Paul Krugman has been writing about the new business cycle in the US that has U shaped recoveries from recession instead of the V shaped recoveries prior to 1982. In this article he turns his attention to the primary benefactors from our U shaped recovery. The gains in income during this recovery have gone primarily to the rich. The top 1% has received 95% of gains in income. Inequality is also found within the top 1%. Those earning over $1 million have received 60% of the gain.
Krugman argues that growing inequality is undermining the values that have defined America. He describes some of the ways in which that is happening and he explains why the growth in inequality cannot be explained by the concentration of skill within the top 1%. They also benefit from greater opportunities to earn high incomes.
There has been a lot of debate about the causes of income inequality. Some argue that it determined by market factors, while others believe that government policies have encouraged growth in inequality. That is a complex debate that Krugman does not discuss. However, the US economy grew rapidly prior to the 1980's when inequality in America was small relative to what it is today. Extreme inequality is not necessary to fuel economic growth. On the other hand, the changes made in the US under the guise of the "trickle down economy", initiated in the Reagan era, have contributed to the growth in income inequality since the 1980's. The gains made by the top 0.1% have been made at the expense of the rest of the population.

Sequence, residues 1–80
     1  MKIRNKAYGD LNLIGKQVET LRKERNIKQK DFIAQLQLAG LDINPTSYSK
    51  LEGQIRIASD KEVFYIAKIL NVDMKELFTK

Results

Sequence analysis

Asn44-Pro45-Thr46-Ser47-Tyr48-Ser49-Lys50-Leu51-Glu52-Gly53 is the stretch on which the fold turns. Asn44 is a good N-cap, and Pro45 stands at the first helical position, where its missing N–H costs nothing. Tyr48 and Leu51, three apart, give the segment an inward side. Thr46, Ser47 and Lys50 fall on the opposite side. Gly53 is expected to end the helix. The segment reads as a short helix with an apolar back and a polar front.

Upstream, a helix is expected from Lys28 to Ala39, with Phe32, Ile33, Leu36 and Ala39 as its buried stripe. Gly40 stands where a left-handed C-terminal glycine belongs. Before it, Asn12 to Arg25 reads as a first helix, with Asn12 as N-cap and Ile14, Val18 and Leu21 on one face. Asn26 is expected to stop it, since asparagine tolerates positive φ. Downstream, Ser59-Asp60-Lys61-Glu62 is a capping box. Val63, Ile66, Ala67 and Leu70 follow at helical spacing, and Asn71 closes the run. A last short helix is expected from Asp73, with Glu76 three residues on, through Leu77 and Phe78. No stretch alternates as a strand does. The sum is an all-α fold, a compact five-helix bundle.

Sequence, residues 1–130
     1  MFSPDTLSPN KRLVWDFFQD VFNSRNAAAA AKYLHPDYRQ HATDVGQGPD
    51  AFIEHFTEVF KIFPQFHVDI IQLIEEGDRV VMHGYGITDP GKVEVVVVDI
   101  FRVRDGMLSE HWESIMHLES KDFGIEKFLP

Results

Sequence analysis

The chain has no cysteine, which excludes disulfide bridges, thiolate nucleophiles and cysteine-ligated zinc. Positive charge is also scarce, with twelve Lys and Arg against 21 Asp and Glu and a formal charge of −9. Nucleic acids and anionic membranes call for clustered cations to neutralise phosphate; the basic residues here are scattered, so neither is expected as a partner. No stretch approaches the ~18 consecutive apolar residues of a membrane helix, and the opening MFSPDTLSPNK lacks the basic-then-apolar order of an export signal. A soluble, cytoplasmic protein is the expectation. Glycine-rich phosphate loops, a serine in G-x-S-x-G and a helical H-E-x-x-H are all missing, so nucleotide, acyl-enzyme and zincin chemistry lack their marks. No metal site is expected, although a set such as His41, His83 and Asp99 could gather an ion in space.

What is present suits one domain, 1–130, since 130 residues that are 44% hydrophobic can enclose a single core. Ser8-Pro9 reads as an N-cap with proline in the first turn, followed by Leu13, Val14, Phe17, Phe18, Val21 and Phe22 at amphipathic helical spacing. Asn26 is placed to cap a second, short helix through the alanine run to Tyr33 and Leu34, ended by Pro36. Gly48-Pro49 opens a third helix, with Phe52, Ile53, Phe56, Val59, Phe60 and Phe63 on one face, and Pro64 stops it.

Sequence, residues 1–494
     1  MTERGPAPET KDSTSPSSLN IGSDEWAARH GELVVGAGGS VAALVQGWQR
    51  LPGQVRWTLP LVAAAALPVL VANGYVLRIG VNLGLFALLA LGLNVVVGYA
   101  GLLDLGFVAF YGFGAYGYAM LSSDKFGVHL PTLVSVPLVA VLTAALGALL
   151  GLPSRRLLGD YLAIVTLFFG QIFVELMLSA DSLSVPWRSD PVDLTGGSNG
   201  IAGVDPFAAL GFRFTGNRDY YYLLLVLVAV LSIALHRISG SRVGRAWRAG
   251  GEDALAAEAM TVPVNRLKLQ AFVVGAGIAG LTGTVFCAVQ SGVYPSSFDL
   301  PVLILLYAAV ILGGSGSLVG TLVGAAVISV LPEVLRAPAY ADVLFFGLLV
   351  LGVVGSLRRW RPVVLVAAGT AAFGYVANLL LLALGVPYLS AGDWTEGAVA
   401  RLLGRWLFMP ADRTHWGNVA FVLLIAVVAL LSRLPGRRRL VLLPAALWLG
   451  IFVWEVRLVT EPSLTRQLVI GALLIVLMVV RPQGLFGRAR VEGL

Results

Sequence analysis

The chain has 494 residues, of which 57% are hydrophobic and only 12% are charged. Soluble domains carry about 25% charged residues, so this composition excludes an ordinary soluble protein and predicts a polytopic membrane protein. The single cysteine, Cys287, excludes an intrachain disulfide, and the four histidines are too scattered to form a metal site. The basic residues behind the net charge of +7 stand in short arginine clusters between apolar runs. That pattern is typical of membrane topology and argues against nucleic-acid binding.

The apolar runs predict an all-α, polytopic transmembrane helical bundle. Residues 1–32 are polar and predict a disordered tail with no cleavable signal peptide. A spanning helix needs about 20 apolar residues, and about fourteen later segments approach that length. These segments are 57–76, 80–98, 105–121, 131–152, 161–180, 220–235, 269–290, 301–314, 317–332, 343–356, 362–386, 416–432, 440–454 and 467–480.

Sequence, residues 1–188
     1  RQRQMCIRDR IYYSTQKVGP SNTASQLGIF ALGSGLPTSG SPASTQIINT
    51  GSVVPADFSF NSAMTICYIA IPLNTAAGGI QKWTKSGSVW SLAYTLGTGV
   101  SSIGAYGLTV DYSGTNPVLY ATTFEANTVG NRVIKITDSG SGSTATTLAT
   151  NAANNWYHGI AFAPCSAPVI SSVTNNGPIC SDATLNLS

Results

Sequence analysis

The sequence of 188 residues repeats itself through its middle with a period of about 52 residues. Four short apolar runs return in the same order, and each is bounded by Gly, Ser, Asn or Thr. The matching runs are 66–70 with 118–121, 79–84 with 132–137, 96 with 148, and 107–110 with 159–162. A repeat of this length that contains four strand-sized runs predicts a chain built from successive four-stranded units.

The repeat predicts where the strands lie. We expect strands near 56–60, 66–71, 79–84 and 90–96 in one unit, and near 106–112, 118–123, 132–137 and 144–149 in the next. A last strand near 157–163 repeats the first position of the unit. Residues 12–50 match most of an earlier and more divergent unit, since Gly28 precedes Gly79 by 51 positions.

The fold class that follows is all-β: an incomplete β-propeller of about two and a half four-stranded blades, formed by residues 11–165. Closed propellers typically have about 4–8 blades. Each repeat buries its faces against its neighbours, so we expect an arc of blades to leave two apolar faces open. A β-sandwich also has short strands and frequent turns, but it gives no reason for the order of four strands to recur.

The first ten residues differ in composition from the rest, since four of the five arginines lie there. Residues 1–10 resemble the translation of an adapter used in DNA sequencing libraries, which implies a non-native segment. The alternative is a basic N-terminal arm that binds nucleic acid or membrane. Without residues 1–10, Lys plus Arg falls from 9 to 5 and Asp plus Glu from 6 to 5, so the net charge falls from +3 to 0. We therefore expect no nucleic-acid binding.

Krugman does not examine most of the changes that have made it easier for the super-rich to grow their incomes at the expense of the rest of us, but he does offer one suggestion. Perhaps it is time to make the tax system more progressive. The tax system has been made less progressive as income growth has become more concentrated.